Those of you that were customers back in 2009 might remember this furry face.
We were so excited to get our Bengal kittens, Tsavo and Zerah, in early November of 2009. Sadly, though, we realized that something was wrong with Tsavo. While he'd chase a toy on the ground if you picked it up he'd treat it as though he was invisible- quickly we realized that he couldn't see, and had been tracking the toy by sound alone.
After waiting two months to see a specialist, Tsavo was diagnosed with birth-defect cataracts in both eyes. He has almost no vision in his left eye and only about 25% in his right eye. The good news is that he had a fantastic chance at gaining his vision back with surgery- a 96% success rate which should give him about 90% of his vision back.
The bad news, of course, was that the surgery was astronomically expensive... it was the same surgery as would be performed on a human being, to open up the eyes, removed the clouded lenses, insert new lenses and close him up... to say nothing of the staggering amount of after care that encopasses weeks of drops and pills that require their own spreadsheet for tracking and scheduling doses.
Without any other way to pay for the surgery, I turned to Etsy and the outpouring of support was unexpected, in both the degree of caring and the sheer magnitude of compassion for one little blind kitten. We listed items whose entire purchase price went towards surgery (though to be honest the purchase price of EVERY item went towards it), and offered special Tsavo Pins, little tiger's eye hair pins that people would get for a donation and could wear on the day of surgery to help send good thoughts and prayers his way.
Thankfully Tsavo wasn't alone in all this, hewasn't alone, he had his sister, Zerah, with him to be his eyes.
The vet wouldn't do surgery until Tsavo was nine months old so his eyes would be mostly done growing, trying to hit that balance between fixing his eyes young and the greatest chances of long-term success. In these pictures you can see how the cataracts making his eyes clouded and reflect light strangely. In those months Tsavo grew:
And grew some more until we had a whopping 16 pound baby cat going to the doctor for surgery:
The donations and support from Etsy were enough to cover about half of the several thousand dollar surgery, and we saved and cut back anywhere we could found the rest. Finally on a chilly day in May it was time to go for it. We booked a hotel in the same city as the specialist and Tsavo lived it up:
The next morning we loaded Tsavo up into his carrier and took him to the clinic. We were asked to sign off on him, initialing that yes, we authorized the surgery, yes we knew it was cataract surgery, and yes we wanted the replacement lenses.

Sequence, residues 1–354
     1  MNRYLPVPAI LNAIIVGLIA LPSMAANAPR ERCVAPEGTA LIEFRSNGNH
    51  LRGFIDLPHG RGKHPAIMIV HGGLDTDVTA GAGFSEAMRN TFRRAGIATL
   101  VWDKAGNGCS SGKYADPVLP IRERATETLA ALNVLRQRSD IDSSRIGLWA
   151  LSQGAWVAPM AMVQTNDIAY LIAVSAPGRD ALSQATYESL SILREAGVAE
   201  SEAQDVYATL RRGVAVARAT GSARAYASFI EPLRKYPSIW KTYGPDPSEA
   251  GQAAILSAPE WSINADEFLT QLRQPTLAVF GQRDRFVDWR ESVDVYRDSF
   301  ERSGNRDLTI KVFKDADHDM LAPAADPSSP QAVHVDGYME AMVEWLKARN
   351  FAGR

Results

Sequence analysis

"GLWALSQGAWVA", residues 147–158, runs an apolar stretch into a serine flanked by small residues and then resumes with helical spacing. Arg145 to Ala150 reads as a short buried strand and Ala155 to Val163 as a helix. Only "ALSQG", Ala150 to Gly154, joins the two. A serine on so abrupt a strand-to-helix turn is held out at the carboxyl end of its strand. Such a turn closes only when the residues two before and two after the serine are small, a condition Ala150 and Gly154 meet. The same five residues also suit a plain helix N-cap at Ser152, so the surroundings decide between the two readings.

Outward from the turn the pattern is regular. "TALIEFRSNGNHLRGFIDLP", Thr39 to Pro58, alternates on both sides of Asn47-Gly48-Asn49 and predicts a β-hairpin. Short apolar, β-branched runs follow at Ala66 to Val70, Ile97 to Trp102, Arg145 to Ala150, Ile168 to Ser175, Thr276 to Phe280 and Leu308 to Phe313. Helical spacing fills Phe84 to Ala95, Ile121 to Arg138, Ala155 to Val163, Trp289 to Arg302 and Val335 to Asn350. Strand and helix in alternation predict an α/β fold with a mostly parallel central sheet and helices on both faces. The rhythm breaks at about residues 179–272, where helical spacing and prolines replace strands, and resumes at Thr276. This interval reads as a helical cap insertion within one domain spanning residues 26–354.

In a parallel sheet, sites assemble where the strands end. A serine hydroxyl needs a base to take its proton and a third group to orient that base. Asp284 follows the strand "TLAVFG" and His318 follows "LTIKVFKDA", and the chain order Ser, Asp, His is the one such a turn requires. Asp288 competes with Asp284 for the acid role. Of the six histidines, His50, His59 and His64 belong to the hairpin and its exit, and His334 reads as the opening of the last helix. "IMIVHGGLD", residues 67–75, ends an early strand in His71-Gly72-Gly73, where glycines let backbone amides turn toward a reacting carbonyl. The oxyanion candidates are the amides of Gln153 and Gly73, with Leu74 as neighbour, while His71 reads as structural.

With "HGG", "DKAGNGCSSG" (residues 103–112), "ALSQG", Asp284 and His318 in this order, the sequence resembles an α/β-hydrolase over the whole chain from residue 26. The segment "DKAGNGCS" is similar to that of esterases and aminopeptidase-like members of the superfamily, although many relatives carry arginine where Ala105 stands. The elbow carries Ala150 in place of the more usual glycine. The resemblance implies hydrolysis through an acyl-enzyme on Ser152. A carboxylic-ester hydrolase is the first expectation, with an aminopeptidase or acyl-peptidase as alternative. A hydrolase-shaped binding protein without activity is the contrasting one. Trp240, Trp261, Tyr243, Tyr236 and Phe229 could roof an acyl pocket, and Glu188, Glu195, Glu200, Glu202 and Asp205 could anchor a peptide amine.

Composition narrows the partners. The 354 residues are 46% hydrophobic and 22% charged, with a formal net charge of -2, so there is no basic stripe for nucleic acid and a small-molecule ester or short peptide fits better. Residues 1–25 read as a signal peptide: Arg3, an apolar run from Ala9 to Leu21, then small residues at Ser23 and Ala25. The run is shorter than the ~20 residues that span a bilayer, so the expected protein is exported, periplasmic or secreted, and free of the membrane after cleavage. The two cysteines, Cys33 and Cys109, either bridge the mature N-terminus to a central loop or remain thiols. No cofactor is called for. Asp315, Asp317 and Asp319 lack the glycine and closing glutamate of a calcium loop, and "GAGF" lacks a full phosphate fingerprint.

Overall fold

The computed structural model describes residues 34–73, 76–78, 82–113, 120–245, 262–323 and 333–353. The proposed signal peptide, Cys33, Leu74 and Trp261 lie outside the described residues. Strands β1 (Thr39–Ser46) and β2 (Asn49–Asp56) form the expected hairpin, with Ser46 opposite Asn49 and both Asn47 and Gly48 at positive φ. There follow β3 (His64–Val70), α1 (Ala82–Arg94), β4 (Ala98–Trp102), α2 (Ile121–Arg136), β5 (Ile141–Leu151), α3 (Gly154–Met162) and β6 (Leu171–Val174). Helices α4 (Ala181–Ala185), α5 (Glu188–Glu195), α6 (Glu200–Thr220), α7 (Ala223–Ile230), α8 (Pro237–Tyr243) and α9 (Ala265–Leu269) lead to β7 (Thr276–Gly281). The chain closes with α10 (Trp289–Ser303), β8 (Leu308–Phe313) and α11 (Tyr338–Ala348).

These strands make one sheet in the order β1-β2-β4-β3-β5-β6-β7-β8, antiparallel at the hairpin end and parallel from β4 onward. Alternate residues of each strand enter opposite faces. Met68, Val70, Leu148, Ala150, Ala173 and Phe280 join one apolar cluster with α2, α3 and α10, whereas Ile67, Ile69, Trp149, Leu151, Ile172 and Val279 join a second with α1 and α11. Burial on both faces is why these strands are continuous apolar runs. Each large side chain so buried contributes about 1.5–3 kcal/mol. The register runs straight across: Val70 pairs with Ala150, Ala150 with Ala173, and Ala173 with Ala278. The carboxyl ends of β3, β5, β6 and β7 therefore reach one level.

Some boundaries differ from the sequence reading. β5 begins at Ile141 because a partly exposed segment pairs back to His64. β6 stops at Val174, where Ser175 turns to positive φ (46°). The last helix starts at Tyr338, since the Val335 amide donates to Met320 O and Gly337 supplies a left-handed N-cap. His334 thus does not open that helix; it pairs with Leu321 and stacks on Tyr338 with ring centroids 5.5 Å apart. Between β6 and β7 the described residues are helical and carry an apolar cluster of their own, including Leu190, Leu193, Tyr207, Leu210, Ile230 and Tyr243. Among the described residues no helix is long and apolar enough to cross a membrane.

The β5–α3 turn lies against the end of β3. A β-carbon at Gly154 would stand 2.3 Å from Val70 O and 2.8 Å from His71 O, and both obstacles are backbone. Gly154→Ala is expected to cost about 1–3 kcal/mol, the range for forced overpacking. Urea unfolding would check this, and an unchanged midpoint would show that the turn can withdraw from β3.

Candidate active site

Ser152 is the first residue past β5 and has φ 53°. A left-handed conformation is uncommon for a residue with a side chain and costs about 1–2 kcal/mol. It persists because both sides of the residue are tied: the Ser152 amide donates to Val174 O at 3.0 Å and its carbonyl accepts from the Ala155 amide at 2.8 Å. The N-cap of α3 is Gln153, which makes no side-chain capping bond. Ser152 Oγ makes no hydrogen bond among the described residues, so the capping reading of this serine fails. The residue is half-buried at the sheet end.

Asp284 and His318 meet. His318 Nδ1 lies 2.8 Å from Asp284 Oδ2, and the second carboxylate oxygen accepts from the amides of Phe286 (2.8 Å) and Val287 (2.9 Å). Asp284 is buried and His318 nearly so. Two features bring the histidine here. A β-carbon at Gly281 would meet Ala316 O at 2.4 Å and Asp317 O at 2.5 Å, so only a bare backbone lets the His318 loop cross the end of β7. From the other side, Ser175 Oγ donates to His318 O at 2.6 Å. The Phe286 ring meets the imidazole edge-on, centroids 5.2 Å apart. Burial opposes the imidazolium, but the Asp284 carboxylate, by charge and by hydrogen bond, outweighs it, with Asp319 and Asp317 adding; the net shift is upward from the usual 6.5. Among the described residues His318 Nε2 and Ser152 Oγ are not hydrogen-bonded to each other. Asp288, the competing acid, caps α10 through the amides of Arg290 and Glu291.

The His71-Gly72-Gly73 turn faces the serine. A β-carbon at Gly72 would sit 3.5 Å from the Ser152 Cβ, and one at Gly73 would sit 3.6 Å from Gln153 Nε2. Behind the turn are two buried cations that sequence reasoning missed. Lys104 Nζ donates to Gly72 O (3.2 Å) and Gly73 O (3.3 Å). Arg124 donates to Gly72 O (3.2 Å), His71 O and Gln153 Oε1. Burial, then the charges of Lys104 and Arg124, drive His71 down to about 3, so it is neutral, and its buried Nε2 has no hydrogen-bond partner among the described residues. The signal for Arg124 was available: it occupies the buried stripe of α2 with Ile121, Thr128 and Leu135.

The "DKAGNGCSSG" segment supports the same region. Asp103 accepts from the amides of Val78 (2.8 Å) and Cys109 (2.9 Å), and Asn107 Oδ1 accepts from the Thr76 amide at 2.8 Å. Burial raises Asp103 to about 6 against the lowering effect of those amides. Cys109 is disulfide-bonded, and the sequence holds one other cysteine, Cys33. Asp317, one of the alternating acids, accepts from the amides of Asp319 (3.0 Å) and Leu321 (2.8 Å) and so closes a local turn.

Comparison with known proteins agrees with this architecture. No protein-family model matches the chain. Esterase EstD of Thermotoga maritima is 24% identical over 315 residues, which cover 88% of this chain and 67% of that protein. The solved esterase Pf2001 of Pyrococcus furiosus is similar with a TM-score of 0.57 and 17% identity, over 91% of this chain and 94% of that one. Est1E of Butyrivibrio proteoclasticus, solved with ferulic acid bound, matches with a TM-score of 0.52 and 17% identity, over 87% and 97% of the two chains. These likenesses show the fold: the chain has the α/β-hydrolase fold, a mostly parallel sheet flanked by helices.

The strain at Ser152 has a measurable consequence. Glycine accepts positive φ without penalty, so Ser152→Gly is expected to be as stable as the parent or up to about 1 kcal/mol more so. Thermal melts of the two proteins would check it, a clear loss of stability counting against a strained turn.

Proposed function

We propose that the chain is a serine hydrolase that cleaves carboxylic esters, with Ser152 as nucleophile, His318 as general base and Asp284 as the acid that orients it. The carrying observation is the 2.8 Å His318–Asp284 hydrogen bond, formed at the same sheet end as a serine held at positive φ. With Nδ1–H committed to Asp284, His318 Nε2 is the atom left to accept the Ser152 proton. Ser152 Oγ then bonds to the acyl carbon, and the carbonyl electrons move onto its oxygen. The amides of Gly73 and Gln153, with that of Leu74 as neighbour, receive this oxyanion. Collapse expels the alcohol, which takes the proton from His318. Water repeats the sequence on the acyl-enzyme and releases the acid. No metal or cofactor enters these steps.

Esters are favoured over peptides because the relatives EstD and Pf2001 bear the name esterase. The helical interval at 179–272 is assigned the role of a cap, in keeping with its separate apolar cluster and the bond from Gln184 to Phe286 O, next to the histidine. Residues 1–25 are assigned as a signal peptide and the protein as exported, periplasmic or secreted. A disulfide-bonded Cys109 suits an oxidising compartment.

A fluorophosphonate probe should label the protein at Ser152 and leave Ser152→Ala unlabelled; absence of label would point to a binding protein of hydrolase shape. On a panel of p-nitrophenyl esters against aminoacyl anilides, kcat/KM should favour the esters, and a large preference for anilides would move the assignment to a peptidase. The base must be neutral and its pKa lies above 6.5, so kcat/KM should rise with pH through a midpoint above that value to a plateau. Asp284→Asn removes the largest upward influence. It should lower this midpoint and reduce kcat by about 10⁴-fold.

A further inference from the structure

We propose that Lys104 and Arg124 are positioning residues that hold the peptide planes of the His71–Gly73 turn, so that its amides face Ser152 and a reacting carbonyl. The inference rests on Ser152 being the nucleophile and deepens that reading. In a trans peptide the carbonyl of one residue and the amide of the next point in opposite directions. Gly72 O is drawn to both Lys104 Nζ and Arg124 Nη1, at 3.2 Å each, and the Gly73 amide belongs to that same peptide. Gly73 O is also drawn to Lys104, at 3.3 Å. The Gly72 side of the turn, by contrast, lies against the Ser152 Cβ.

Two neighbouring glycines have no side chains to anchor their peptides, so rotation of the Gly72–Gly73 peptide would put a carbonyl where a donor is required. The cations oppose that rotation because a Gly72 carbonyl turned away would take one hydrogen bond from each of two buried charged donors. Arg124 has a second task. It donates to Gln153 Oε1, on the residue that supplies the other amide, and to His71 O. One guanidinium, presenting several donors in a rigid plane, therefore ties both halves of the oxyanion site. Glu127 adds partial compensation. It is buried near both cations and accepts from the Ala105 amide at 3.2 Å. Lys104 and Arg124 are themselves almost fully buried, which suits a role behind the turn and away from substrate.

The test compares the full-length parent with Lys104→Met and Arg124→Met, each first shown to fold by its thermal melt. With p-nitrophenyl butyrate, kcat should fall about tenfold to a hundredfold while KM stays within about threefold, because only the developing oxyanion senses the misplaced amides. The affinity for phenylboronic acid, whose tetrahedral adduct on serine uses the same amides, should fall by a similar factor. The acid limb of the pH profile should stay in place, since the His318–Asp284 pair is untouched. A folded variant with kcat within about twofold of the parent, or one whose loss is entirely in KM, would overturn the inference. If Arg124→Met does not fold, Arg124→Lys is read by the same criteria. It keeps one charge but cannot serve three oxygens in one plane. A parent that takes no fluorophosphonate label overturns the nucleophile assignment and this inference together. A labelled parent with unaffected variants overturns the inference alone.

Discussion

There was the option of just taking out the clouded lenses, but his ability to focus would be poor, and we decided if we were going to put him through this we were going to do it right, dammit. New lenses it was. Leaving him there was terribly, terribly hard, but thankfully he was the first surgery of the day, so we had word by early afternoon that he had made it through the surgery and we could come pick him up in a few hours.
Later we got a second call, this one from the doctor himself to say that he thought the surgery had gone well. There had been a small fear that something could be wrong with his corneas, something we were unable to know until they opened his eyes up- but there was no issue at all!
Sitting in the waiting room with DH and the owners of three small, obnoxious dogs (all of which were named after food: Ginger, Taffy and Cocoa) we were FINALLY allowed to go into a room and see our baby.
They had him in his carrier and the vet tech took him out and I nearly burst into tears. He looked TERRIBLE. I knew he'd look rough, but I didn't know that they'd shaved parts of his face, and that coupled with his blearly expression, and the gunk all over his face... gah...
(this pic is actually after we got back to the hotel, but the look is much the same).
The surgery has been a resounding success- it's rare to have optical problems in cats, dogs are much, much more common, and the doc and the tech praised Tsavo, what a great cat he was, how most cats are just terrible to deal with, but how Tsavo was his sweet self all the way through. And they talked about how gorgeous he is.
There were zero issues with the surgery and the doc was amazed how great Tsavo looked (this is obviously a relative evaluation, there's great-looking-terrible and not-so-great-looking-terrible, apparently).
FINALLY, it was time to go home! Although he was no longer on pain meds, he slept pretty much the entire ride. He was great in the car both ways, barely made a peep and just slept.
The road to recovery was long. Weeks and weeks of drops and pills, checkups and evaluations. Needless to say, Tsavo is not a huge fan of having his eyes messed with.
In the end, though, it was all worth it. Just a day after surgery Tsavo was, for the first time, able to look in the garden and see the birds that he'd been hearing for months:
So, how is he now, a year and a half later? Fantastic. His vision isn't perfect, he's a bit farsighted, but that's normal for this type of surgery. The quality of life he has now is so above and beyond what he had before that I can't even imagine him as blind anymore. He's grown (and then grown some more) into a healthy, sweet cat who can fully enjoy the world.
And here is is admiring a bumblebee in the garden:
For those of you that donated and sent good thoughts, thank you. There are no words that can express the gratitude we have for those that reached out to help a cat they had never met. You changed Tsavo's world for the better, and I know if he could thank you himself, he would.